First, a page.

[MEI SALON] A Stroke of the Cultural Pen – Arabic Calligraphy


[MEI SALON] A Stroke of the Cultural Pen – Arabic Calligraphy


[MEI SALON] A Stroke of the Cultural Pen – Arabic Calligraphy

The Middle East Institute invites you to MEI Salon, a series of special events conducted in a casual relaxed setting aimed at making Middle Eastern culture more accessible to everyone. We strip away the academic jargon, and keep things light-hearted and interactive with topics that range from the sublime to the ridiculous.

Here are three reasons why you’ll be interested:

  • It is not all talk and no action.  Apart from a brief sharing session on a particular theme/topic, every Salon event will also include a hands-on activity. You could learn how to make a Middle Eastern dish, play an instrument, or learn how to put on the ghutrah (Male Arabic headgear)!
  • The Discourse. You get to decide how the discussion flows. No moderator, no Chatham House rules, no preferred Q&A structure. (Just don’t hog the floor).
  • Your time to shine. Not an expert but fascinated by a facet of the Middle East? You are most welcomed to be one of our speakers at a future Salon event.

Eager to be part of this exciting cultural endeavour? Register as soon as possible as seats are extremely limited. In this edition, we feature Arabic or Islamic Calligraphy that has been the epitome of Islamic civilisation and the main visual culture over the past 1400 years. Come on down to MEI for a demonstration by an expert and try your hand at Calligraphy!


About Arabic Calligraphy

Arabic Caligraphy practice has become one of the essential methods of artistic expression and has spread across different regions spanning from North Africa, to Islamic West, to Malay Peninsula, and to India. The Arabic language was not only esteemed for its content but its form as well. The fundamental purpose of Arabic calligraphy was the writing of the Holy Book of Islam, the Quran and until today, the art of calligraphy is regarded as one of the highest form of Islamic Art. Compared to Chinese and Japanese calligraphy that is known for its fluid expression through the brush, this traditional art uses a pen often made from reed or bamboo that affects the uniformity of the Arabic letters.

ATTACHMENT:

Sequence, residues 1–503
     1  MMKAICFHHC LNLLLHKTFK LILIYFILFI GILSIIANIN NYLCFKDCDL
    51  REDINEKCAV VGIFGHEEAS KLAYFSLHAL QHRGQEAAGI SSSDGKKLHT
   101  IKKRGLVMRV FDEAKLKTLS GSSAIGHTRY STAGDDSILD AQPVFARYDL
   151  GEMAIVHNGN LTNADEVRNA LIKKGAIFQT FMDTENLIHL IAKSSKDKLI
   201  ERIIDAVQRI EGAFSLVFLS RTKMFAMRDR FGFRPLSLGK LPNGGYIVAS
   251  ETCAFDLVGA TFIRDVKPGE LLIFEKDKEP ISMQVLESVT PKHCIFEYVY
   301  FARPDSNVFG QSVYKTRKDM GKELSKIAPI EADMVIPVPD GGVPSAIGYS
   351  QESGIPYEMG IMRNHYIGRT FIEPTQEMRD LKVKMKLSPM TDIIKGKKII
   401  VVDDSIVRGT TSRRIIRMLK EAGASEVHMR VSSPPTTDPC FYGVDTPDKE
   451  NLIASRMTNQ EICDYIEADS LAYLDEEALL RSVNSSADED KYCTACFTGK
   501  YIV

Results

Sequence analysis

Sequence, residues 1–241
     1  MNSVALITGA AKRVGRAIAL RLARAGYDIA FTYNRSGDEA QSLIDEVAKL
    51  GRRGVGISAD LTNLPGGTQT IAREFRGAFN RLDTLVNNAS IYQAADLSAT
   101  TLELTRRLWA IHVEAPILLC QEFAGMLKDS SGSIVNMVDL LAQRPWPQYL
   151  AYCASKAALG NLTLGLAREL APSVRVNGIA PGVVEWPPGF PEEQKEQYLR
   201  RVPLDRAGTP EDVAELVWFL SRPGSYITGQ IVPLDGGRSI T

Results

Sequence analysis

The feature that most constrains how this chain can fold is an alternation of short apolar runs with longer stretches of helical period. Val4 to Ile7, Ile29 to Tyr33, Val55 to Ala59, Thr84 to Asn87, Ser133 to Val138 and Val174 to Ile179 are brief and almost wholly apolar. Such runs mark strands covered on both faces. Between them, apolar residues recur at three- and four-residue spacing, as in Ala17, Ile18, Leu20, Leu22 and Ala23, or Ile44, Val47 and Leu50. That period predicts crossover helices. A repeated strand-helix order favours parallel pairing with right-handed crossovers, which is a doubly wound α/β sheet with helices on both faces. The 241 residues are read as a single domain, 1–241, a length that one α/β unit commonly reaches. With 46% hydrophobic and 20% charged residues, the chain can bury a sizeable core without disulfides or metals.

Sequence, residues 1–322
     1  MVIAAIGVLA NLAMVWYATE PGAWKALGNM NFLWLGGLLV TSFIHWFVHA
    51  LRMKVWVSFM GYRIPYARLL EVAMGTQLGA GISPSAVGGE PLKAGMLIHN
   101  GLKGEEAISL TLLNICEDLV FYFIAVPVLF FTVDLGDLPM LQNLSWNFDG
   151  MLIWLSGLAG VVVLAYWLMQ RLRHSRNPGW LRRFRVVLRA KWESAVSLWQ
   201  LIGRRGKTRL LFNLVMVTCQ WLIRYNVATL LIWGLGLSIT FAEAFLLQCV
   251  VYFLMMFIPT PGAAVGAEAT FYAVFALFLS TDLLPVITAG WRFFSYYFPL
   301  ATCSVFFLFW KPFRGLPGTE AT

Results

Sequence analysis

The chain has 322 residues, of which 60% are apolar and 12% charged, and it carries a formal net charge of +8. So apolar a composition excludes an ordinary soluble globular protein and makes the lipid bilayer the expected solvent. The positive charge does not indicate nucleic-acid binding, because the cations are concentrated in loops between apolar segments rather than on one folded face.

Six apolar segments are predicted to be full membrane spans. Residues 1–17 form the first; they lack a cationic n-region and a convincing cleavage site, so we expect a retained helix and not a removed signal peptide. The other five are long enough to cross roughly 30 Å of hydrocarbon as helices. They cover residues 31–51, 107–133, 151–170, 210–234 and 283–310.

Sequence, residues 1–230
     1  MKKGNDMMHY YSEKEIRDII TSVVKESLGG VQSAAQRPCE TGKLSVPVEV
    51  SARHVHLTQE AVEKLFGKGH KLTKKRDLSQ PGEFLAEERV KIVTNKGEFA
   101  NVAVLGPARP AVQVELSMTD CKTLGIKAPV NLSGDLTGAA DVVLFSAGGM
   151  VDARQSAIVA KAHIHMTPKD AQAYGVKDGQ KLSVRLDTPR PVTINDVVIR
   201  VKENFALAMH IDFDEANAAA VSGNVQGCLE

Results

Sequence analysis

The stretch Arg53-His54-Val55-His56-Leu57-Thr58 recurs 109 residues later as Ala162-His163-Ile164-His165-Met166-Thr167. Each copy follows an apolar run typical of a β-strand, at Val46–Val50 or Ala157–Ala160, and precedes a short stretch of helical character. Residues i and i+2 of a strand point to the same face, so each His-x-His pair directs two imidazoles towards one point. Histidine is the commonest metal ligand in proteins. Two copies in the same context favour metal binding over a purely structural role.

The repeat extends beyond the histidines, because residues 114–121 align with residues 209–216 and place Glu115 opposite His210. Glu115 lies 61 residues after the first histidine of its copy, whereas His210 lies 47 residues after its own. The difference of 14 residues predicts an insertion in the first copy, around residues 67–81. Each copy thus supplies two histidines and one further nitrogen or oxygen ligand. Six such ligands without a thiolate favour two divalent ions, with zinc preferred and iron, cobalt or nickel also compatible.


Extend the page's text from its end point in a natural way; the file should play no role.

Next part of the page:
Over the years, Arabic calligraphy has also evolved, producing different types of scripts due to regional influence and for various purposes of the Islamic empire. There are 7 main scripts in traditional Arabic Calligraphy; Riqah, Diwani & Diwani Jali, Ta’liq, Naskh, Thuluth, Maghribi and Kufi. This short session will cover a brief historical background of the various Arabic calligraphy scripts, its use and implications on Islamic Art and Architecture from the past till today.

Event Details
Date & Time

Nur Afiqah Agus
Islamic Calligraphy Artist

MEI Conference Room, Level 6
Block B, 29 Heng Mui Keng Terrace
Singapore 119620

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Robert Kimmel
Ajay Ramadoss
Manale Ganiere
Manuela Panos
Sajidul Haque Siraji
Ruthra Thiyagarajan
Amruth Sriperumbudur
Margaret Lashley
Simon Lim
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About the Speaker(s)

Nur Afiqah Agus is an architectural designer and Islamic calligrapher. She recently completed her Bachelors and Masters in Architecture from NUS in 2018 and has been producing Modern Calligraphy Art under her own brand; Projectkhat since 2014. She is currently trained in 2 traditional Arabic calligraphy scripts; Maghribi and Diwani under various Calligraphy teachers and is also assisting in the teaching of the art. She has completed her certification in Maghribi Script under Fathiah Abdussamad, a student of master calligrapher Sheikh Belaid Hamidi, from Morocco. As an Islamic Art and Architecture enthusiast, she is currently learning other forms of Islamic Art such as Islamic Geometry and Islamic Ornamentation that are often coupled with Islamic Calligraphy and Islamic Architecture all over the world.